Although removal of cumulus cells improves the efficiency of vitrification of buffalo (Bubalus bubalus) in vitro-matured (IVM) oocytes (Gasparrini et al. 2007 Anim. Reprod. Sci. 98, 335–342), the lack of cells impairs the fertilization process. Therefore, the aim of the present work was to evaluate the influence of a somatic support during in vitro fertilization (IVF) of buffalo vitrified denuded matured oocytes. Since IVF on a cumulus cells monolayer was inefficient, we verified the effects of co-culture with cumulus-enclosed oocytes (COCs). IVM buffalo oocytes (n = 316) were vitrified by the Cryotop® method (Kuwayama and Kato 2000, J. Assist. Reprod. Genet. 17, 477 abst) that was recently proven suitable for buffalo oocyte cryopreservation (Attanasio et al. 2006 Reprod. Domest. Anim. 41, 302–310). Denuded buffalo oocytes were equilibrated in 10% ethylene glycol (EG) and 10% dimethyl sulfoxide (DMSO) for 3 min, transferred into 20% EG and 20% of DMSO in TCM199 with 20% fetal calf serum (FCS) + 0.5 m sucrose, loaded on Cryotops, and plunged into liquid nitrogen within 25 s. For warming, oocytes were exposed for 1 min to 1.2 m sucrose and then to decreasing concentrations of the sugar (0.6, 0.4, 0.3 m for 30 s) in TCM199 + 20% FCS. Oocytes were rinsed and allocated to IVM drops for 1.5 h. Survival rate was evaluated at this point and the oocytes that had survived (292/316 = 92.4%) were split into 2 fertilization groups: (A) approximately 5 buffalo oocytes per 50-µL drop of IVF medium, and (B) approximately 3 buffalo oocytes + 3 bovine fresh COCs per 50-µL drop of IVF medium. Since buffalo COCs easily lose their cells following IVF, for better identification we used bovine COCs that have a brighter and more compact cumulus mass. In vitro fertilization and culture were carried out as previously described (Gasparrini et al. 2007). As control, buffalo oocytes (n = 104) were in vitro-matured, fertilized, and cultured up to the blastocyst stage. On Day 1, survival rate was evaluated in the two vitrification groups; cleavage and blastocyst rates were recorded on Days 5 and 7, respectively, in all groups. The experiment was repeated 4 times. Differences in the percentages of survival, cleavage, and blastocyst formation among treatments were analyzed by chi-square test. Within vitrification groups, despite similar survival rates on Day 1 (90.6% v. 93.3%, respectively, in Groups A and B), cleavage rate was significantly improved in Group B compared to Group A (59.2% v. 45.4%, respectively; P < 0.01). Interestingly, the cleavage rate in Group B was not significantly different from that recorded in the control group (71.0%). Although blastocysts were produced in both vitrification groups (3.6% v. 4.1%, respectively, in Groups A and B), the yield was significantly lower than that of the control group (29.0%, P < 0.01). In conclusion, co-culture with bovine COC during fertilization improves the capability of buffalo denuded vitrified oocytes to cleave.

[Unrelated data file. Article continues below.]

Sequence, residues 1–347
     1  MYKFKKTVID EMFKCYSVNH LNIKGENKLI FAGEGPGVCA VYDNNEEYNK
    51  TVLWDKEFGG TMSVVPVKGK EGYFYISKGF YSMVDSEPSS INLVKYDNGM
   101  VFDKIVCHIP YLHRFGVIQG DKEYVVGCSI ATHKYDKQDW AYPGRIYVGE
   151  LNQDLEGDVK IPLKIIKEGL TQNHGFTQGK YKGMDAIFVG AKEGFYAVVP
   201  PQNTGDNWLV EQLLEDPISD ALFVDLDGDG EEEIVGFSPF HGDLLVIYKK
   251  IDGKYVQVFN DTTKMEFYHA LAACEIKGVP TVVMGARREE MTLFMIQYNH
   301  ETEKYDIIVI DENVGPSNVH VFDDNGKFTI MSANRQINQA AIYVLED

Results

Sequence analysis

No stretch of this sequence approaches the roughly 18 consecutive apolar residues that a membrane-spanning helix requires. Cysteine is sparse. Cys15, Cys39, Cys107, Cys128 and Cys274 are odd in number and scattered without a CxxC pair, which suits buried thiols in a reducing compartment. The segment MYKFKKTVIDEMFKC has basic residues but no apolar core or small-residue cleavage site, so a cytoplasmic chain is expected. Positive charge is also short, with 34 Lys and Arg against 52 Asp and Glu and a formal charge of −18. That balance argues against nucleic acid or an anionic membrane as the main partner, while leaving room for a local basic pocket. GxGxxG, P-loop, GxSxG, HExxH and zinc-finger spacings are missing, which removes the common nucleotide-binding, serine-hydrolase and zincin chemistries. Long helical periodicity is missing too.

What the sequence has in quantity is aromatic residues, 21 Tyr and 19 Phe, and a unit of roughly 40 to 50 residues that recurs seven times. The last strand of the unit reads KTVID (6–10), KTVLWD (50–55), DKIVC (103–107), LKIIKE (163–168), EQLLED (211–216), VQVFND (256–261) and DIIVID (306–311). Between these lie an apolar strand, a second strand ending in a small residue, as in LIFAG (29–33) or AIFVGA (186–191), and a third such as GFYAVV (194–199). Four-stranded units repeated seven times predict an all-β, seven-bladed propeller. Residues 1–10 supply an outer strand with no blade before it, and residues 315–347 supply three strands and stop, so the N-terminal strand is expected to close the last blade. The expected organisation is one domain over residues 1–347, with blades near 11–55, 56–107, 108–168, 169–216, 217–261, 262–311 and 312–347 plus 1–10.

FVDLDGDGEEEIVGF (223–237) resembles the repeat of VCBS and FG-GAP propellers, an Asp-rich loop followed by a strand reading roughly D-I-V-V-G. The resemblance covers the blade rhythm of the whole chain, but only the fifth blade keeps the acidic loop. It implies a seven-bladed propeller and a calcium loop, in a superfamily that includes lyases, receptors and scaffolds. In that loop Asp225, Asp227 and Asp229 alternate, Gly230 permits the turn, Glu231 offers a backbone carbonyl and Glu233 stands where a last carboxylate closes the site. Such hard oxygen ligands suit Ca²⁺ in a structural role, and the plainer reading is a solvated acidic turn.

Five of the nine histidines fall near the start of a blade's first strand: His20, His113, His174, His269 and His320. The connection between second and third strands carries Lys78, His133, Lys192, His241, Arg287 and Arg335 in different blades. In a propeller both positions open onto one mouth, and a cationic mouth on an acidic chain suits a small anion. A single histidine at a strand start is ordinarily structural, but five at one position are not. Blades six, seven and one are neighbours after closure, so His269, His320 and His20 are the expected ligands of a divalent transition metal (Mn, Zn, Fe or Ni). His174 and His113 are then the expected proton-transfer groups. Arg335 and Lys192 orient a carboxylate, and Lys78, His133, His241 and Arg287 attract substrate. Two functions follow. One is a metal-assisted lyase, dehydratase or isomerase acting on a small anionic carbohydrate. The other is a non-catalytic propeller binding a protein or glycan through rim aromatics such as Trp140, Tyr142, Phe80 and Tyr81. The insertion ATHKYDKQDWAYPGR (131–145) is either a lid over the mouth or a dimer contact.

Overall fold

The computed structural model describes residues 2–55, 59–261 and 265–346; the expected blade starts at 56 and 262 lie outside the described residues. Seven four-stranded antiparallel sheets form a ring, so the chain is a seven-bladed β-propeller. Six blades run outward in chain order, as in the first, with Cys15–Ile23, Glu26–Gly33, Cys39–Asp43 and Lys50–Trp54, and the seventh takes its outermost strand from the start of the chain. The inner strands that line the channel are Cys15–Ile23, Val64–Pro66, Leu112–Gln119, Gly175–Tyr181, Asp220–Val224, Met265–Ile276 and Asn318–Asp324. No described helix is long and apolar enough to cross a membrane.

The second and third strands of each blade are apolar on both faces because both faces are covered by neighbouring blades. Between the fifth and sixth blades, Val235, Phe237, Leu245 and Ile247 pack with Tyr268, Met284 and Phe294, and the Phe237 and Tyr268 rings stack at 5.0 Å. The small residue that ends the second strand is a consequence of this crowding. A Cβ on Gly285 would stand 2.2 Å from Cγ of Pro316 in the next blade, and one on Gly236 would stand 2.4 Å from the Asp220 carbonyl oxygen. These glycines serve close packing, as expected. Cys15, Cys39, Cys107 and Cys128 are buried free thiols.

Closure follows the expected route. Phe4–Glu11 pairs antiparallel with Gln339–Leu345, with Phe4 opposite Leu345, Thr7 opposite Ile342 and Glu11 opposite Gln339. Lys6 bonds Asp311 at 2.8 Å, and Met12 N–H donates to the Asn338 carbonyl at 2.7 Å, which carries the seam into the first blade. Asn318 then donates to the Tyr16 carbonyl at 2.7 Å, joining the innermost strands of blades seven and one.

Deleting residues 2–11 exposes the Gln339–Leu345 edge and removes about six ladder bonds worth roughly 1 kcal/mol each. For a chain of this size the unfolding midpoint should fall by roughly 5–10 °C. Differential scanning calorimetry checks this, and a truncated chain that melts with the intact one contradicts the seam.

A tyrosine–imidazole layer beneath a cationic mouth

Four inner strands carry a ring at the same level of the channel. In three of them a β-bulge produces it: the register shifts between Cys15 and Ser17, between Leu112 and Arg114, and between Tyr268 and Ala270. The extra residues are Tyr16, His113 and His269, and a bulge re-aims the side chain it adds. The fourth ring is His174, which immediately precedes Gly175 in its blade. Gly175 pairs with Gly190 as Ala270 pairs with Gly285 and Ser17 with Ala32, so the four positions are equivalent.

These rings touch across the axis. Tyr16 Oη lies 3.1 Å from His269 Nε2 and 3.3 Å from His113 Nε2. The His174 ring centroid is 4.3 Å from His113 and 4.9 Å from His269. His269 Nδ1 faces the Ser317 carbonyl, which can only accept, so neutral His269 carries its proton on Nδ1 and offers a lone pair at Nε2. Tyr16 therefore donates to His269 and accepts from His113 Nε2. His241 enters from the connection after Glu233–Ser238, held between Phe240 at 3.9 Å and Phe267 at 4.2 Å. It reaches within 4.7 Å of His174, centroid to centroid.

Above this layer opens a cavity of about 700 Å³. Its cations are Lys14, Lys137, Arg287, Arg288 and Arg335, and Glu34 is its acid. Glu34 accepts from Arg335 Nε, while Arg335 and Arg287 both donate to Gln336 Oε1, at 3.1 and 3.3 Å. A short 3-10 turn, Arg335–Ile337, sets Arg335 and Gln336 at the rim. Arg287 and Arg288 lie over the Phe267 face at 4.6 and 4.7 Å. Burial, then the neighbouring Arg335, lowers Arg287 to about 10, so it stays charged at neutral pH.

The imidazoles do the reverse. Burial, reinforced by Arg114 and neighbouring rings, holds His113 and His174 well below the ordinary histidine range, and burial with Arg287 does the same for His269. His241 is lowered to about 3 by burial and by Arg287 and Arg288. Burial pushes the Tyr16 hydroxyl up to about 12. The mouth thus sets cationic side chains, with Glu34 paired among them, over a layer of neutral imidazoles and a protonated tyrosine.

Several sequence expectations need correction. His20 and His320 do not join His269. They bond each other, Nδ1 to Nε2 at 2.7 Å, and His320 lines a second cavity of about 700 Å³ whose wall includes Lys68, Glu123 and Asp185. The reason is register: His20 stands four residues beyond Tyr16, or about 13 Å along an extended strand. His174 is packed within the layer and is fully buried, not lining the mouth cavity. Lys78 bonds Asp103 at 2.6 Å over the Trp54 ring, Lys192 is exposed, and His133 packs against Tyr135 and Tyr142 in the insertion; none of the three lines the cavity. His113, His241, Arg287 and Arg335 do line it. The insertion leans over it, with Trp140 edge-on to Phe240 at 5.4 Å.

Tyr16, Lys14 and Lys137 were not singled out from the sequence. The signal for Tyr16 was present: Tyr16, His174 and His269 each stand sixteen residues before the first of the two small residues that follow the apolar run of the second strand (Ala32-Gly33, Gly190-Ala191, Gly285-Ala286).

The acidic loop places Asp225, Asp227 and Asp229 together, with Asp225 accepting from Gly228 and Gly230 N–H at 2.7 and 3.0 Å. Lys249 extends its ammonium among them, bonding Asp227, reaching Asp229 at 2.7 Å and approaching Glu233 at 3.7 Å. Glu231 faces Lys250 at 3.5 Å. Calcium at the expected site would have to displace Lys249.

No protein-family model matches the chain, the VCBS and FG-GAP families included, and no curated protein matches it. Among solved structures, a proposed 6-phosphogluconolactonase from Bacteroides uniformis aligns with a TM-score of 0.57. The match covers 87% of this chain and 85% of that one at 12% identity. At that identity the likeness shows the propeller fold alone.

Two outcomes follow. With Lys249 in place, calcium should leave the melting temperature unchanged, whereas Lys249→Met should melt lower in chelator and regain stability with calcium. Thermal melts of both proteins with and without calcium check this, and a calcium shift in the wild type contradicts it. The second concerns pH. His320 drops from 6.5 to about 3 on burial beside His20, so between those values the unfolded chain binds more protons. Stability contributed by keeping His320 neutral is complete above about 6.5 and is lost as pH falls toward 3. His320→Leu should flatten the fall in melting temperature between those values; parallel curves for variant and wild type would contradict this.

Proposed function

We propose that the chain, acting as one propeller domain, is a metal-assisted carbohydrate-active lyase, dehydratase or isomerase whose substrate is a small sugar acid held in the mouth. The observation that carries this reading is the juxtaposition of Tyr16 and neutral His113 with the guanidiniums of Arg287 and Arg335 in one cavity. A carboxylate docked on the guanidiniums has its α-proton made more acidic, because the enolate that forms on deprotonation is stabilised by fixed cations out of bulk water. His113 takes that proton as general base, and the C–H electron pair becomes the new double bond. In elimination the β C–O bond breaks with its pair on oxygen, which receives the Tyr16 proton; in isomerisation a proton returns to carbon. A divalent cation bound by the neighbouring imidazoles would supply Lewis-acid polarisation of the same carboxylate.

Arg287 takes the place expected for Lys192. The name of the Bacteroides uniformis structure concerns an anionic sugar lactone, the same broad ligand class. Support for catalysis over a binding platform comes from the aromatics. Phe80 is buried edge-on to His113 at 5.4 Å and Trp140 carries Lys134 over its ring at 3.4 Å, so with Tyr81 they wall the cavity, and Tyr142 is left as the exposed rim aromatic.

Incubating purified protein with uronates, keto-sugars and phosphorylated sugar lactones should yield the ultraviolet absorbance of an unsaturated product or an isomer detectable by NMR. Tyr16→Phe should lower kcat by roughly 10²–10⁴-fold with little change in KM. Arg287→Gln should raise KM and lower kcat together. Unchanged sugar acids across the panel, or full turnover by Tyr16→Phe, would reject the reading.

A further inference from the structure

File in questo prodotto:
Non ci sono file associati a questo prodotto.

I documenti in IRIS sono protetti da copyright e tutti i diritti sono riservati, salvo diversa indicazione.

Utilizza questo identificativo per citare o creare un link a questo documento: https://hdl.handle.net/11588/334805
Citazioni
  • ???jsp.display-item.citation.pmc??? ND
  • Scopus ND
  • ???jsp.display-item.citation.isi??? ND
social impact